For thousands of years, the Gwich'in people have lived in the Arctic, taking care of the land and animals. We treat caribou and other creatures with reverence because, without them, we would not survive.
To my people, wilderness is not a luxury or indulgence. It is a necessity. We feed our families and sustain our culture by living on the land, taking only what we need, and caring for our clean air, clean water and abundant wildlife.
As politicians in Washington, D.C., argue over what should be done with the Arctic National Wildlife Refuge, the Gwich'in people say that, to us, protecting the refuge from oil and gas development is a matter of human rights. The survival of the Gwich'in Nation is at stake.
President Obama's administration has recommended that Congress designate the coastal plain and other areas of the refuge as wilderness to ensure that the land will remain wild forever. We support this recommendation because if drilling hurt the Porcupine caribou herd, the Gwich'in would likely disappear.
"Iizhik Gwats'an Gwandaii Goodlit," is what we call the coastal plain of the Arctic Refuge. This means "The Sacred Place Where Life Begins." The caribou come here every summer to birth their calves and nurse them until they are ready to migrate.
We depend on the caribou and the land for food, clothing such as leg-skin boots, and our subsistence way of life. We cannot afford to take risks with them. The oil companies say they want to use only a small portion of the coastal plain, but wherever they go in the Arctic they destroy huge areas of land.
Pregnant caribou and nursing caribou stay away from roads, pipelines, traffic and drill rigs. We know this from development northwest of us in the Arctic. Porcupine caribou give birth only on the coast, and only on wild lands.
If drilling happened and affected the Porcupine herd -- about 180,000 animals -- its future would be threatened. And so would the Gwich'in people and our villages. If the caribou lose land, we will lose caribou. Without them, we cannot feed our families or teach our young people the traditional subsistence way of life. Our children will move to cities, and our community -- and our culture -- will cease to exist.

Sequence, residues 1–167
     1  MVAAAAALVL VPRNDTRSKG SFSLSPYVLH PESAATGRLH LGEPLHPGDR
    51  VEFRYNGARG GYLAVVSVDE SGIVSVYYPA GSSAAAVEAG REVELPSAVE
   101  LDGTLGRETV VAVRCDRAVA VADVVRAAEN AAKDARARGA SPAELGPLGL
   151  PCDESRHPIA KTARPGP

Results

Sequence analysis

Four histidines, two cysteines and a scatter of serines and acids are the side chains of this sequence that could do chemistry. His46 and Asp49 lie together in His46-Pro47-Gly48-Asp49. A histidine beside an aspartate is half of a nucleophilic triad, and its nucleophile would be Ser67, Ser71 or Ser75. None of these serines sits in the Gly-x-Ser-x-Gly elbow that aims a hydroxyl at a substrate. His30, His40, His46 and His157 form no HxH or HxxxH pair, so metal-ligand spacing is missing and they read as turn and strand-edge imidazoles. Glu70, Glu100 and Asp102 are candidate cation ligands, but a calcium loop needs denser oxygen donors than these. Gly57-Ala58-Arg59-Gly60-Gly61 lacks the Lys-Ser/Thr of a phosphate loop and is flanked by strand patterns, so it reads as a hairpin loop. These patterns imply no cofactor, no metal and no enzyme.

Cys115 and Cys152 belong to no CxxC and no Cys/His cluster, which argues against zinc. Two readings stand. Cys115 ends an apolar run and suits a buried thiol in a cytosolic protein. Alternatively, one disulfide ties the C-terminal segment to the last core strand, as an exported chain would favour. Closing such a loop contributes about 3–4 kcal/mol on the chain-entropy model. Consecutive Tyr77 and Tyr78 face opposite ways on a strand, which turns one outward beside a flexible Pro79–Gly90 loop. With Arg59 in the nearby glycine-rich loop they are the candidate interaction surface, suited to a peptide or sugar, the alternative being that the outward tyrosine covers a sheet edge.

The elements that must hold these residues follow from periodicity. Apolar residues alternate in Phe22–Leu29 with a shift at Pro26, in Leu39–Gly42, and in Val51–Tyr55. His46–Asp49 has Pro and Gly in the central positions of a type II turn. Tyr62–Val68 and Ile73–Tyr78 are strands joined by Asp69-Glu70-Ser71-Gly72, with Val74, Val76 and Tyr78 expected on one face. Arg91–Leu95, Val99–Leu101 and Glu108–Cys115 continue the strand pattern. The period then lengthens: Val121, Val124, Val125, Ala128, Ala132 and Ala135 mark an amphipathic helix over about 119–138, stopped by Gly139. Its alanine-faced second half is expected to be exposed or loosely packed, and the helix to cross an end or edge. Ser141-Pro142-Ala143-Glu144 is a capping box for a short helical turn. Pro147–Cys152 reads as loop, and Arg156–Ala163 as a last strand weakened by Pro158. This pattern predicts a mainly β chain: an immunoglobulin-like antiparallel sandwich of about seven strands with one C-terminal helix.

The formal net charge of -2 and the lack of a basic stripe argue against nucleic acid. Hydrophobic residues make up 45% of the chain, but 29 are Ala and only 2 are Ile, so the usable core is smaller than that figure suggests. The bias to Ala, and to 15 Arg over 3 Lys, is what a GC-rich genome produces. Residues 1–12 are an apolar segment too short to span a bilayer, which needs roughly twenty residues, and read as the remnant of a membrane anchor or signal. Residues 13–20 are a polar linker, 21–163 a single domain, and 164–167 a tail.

When I was a boy in Arctic Village, I was taught to take care of the land and animals. The border with Canada was open, so the Gwich'in traveled freely between Arctic Village and Old Crow, and people traveled to the refuge to get caribou for their families and communities.
Today, many people want to drill for oil and gas on the land that keeps the Gwich'in Nation alive. Their trucks, rigs and pollution would drive away the caribou, damage water quality and destroy habitat for the birds we hunt.
Oil companies and members of Congress do not want more wilderness. They want profits and a full pipeline. But those things are temporary. The damage they leave is permanent. If the caribou go away and the Gwich'in culture dies, it can never be restored.
We are grateful to President Obama and Secretary of the Interior Sally Jewell for recommending that 12.28 million acres of the Arctic Refuge be declared wilderness and protected forever. This way we know all of the important land for the Porcupine caribou will be protected and the herd will not go the way of the great bison herds.
The 19.5 million acres of the Arctic National Wildlife Refuge are a treasure for all Americans, but to the Gwich'in, protecting these wild lands is the only way to ensure that our grandchildren's grandchildren will be able to live as our ancestors did. The hard work of our traditional way of life is good for Gwich'in people.
Wilderness is not a luxury. Wilderness is a way of life.
Trimble Gilbert is the traditional chief of Arctic Village, where he and his wife raised their family in the foothills of the Brooks Range at the southern edge of the Arctic Refuge.
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